05/14/2010 05:12 am ET Updated May 25, 2011

Key Details Released On Dodd's Financial Reform Bill

Several much-anticipated details of Sen. Chris Dodd's (D - Conn.) financial reform bill have been revealed, The New York Times and the Wall Street Journal report this morning.

After weeks of negotiations broke down last week with Republicans, Dodd is expected to introduce his own financial reform bill on Monday afternoon, a decision that shocked some groups pushing for reform. Though the full bill will likely be released Monday, the NYT and the WSJ have some key details (which are also neatly summarized by Calculated Risk.)

"The biggest winner," the WSJ notes, seems to be the Federal Reserve, which would house the proposed Consumer Financial Protection Agency. Under the bill, the CFPA would have rule-making authority and would be led by a director appointed by the president.

(For more on the details on Dodd's version of the CFPA, see our latest report here.)

The Fed, under the Dodd bill, would also reportedly be responsible for overseeing any financial institution with assets of more than $50 billion. This amounts to something of a coup for the Fed, the WSJ points out: "Only a week ago, [Senate negotiators] had thought the Fed would only be able to examine roughly two dozen banks, those that held more than $100 billion in assets."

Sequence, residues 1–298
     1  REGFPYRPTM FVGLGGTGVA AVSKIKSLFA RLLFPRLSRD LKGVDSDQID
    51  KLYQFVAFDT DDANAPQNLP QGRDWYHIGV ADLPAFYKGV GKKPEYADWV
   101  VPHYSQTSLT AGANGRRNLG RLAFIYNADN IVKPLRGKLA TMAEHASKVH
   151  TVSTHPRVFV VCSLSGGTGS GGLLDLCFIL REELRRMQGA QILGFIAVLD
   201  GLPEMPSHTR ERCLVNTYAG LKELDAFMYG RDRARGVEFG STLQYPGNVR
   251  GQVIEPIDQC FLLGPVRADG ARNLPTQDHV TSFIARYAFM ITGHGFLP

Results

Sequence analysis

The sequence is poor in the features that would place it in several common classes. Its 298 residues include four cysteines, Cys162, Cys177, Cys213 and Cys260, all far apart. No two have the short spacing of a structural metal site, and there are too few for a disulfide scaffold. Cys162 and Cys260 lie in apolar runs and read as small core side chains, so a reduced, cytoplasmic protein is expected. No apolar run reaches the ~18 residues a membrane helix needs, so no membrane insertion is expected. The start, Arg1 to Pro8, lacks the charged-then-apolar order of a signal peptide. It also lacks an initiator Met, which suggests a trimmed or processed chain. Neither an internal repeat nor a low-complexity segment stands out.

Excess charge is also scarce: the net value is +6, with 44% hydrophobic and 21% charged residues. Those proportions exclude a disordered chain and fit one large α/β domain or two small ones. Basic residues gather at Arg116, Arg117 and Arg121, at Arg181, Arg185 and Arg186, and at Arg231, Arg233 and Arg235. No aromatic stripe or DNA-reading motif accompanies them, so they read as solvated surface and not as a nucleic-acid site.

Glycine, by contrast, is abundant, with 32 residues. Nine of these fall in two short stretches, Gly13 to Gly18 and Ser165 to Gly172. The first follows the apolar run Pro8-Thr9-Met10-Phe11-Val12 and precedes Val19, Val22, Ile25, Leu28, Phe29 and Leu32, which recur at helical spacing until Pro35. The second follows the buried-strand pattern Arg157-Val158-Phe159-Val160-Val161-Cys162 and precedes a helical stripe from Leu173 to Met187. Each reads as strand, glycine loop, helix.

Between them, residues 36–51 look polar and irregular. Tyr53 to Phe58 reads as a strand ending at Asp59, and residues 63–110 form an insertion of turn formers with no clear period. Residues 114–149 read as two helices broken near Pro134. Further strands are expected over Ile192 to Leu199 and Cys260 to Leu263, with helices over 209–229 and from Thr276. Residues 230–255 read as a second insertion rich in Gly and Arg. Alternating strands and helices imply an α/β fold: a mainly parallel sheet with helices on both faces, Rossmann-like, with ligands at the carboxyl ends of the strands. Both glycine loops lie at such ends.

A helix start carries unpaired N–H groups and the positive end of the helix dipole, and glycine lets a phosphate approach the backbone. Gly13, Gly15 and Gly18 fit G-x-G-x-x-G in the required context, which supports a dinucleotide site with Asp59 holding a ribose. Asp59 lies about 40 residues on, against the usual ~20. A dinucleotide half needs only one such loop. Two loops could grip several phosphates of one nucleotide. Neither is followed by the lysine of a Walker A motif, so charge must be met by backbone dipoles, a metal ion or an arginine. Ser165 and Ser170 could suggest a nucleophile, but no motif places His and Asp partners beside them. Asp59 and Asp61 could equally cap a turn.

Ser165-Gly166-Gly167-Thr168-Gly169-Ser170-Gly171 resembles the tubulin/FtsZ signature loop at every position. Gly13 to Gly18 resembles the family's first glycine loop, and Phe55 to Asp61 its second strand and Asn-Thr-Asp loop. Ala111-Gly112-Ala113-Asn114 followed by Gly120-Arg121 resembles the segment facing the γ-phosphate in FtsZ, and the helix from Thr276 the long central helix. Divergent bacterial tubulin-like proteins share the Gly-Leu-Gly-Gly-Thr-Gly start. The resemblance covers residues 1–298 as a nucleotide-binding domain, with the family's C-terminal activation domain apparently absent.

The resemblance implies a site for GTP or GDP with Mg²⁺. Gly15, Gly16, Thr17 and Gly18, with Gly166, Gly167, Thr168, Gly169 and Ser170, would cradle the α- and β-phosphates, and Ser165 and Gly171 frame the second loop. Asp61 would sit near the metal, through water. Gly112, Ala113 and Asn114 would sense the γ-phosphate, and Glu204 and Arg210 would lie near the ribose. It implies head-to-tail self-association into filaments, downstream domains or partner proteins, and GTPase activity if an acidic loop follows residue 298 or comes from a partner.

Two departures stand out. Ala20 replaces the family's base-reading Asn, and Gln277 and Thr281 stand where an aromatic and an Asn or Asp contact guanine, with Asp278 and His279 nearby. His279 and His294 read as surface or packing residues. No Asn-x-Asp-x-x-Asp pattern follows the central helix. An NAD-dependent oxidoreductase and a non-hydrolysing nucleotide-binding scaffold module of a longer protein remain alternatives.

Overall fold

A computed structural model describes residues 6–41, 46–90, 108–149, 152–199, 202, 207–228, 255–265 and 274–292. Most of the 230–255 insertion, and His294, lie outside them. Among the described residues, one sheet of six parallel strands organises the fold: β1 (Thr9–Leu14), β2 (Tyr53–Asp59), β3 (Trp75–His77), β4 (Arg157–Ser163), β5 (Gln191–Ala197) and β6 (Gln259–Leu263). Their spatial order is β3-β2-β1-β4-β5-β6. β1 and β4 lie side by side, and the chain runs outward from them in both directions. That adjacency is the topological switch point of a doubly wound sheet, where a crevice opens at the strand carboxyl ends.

The bill also calls for a new systemic risk council that would be headed by Treasury Department and include "representatives of the Fed, the new consumer agency, the FDIC, the Securities and Exchange Commission, the Commodity Futures Trading Commission and the Federal Housing Finance Agency -- along with an official appointed to monitor the insurance industry, which is largely regulated by the states," the NYT reports.

And though the new CFPA would have rule-making authority under the Dodd bill, its decisions could be "overturned by a two-thirds vote of the new systemic risk council, or 6 of the 8 members," according to the NYT.

Read the full piece at the NYT here -- and check out the WSJ's piece here.